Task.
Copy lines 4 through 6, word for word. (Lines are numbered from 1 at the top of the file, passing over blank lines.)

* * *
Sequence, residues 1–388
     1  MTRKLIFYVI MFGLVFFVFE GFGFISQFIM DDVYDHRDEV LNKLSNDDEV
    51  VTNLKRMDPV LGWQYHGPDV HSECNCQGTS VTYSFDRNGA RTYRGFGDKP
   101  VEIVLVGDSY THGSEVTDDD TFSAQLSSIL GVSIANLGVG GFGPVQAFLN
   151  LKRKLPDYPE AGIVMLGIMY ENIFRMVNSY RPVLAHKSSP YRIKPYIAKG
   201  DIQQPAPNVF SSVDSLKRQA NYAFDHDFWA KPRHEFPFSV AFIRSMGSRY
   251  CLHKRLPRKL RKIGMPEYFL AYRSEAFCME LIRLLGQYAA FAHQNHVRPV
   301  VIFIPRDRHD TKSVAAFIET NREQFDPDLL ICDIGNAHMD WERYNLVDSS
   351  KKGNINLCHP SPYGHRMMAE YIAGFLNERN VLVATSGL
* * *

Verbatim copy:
   101  VEIVLVGDSY THGSEVTDDD TFSAQLSSIL GVSIANLGVG GFGPVQAFLN
   151  LKRKLPDYPE AGIVMLGIMY ENIFRMVNSY RPVLAHKSSP YRIKPYIAKG
   201  DIQQPAPNVF SSVDSLKRQA NYAFDHDFWA KPRHEFPFSV AFIRSMGSRY